If you have watched a piano concert or recital, whether “live” in a concert hall or on YouTube, you would have noticed that pianists on stage all sit in a fixed way. They sit with their right sides facing the audience.
Why do performers sit in this way? Why are the pianos placed in this position, at a right angle to the audience? Have you ever wondered who set this precedent? Who was the first performer to do this?
Over the years, numerous Internet articles have quoted Franz Liszt (1811 - 1886), a Hungarian composer, as the pianist who started it all. They claim Lizst initiated the practice of placing the piano at a right angle to the audience.
What is surprising, however, is that there is another composer who may actually be given credit for this practice. Jan Ladislav Dussek (1760 - 1812), who came from a family of musicians in the Czech lands and lived about half a century before Franz Liszt, might have been the first to adopt this practice.
Harold Charles Schonberg, an American music critic and journalist, wrote in his book that Dussek started the practice of sitting before the piano at a right angle to the audience, earning him the title of "le beau visage" (that means “the beautiful face”), and that following Dussek’s lead, all future pianists have continued to sit this way.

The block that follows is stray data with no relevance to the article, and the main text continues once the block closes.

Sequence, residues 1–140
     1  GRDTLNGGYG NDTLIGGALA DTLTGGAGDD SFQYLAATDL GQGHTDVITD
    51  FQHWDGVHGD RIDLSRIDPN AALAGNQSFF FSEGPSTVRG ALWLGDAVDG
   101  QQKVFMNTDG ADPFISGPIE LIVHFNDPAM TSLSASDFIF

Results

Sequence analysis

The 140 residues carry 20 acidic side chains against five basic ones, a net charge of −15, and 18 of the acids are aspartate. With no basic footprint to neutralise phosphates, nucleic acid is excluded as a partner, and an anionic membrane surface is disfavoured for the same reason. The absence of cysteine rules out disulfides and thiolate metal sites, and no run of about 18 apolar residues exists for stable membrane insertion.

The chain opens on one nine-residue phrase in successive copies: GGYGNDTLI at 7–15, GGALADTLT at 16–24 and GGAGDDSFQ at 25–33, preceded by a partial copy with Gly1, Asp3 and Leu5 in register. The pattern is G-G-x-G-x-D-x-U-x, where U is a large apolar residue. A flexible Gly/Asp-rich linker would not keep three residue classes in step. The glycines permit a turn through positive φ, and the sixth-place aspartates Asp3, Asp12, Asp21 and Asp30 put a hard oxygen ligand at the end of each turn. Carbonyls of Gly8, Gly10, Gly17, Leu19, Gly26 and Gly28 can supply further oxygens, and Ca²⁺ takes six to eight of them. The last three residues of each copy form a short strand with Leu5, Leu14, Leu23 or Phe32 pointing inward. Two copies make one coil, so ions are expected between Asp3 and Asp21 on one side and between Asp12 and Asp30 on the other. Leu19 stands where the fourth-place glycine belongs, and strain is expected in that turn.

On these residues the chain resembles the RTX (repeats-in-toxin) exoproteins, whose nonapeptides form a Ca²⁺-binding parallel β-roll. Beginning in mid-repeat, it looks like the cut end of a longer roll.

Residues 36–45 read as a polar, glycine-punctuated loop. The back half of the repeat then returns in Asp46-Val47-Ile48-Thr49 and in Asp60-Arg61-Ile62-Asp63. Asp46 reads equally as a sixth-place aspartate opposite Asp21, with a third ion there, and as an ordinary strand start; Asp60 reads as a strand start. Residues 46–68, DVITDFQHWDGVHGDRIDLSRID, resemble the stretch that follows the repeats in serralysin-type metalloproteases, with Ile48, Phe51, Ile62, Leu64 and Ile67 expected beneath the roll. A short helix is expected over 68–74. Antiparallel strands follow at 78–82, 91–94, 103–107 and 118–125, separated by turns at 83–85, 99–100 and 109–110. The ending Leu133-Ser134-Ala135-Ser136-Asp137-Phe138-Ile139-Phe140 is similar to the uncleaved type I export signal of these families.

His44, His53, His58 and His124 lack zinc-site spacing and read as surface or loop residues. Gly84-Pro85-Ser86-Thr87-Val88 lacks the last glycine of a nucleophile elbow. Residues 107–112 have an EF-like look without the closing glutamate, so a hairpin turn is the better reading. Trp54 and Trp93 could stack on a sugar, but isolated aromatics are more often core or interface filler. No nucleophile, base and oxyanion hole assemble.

Schonberg’s words carry weight in the music world. Not only did Schonberg, who worked for The New York Times, became the first music critic to win the Pulitzer Prize for Criticism in 1971, he also reviewed mysteries and thrillers for his employer for more than two decades.
Schonberg was also the author of many books on music. Schonberg published 13 books, most of them on music. The collection included The Great Pianists: From Mozart to the Present (1963, revised 1987) and The Lives of the Great Composers (1970; revised 1981, 1997).
“It had to come. During the last quarter of the eighteenth century, with the institution of the public concert well on its way and with pianists beginning to capture international attention, the problem insistently asserted itself: how was the pianist to sit while playing before audiences in the concert halls? With his back to them? Facing them? The problem was new and had not previously arisen, for Mozart and Clementi had done nearly all of their playing in salons rather than concert halls. Jan Ladislav Dussek solved the problem once and for all time. He was the first to sit with his right side to the audience. This way two ends were accomplished.”
Schonberg noted that in adopting this seating postion, Dussek achieved two aims. Firstly, Dussek displayed his noble side and the bow of the piano to the audience. Secondly, the lid of the piano, now raised, would reflect the tone emanating from within the piano and project it to the audience.
Johann Wenzel Tomaschek, a composer and piano teacher from the 18th century Czech lands, trumpeted Dussek's revolutionary achievement. Tomaschek was certain that the credit belonged to Dussek. In fact, he claimed, all other pianists immediately followed in Dussek’s footsteps, "although they may have no very interesting profiles to exhibit."
Well, what do you think? Was it Dussek or Liszt?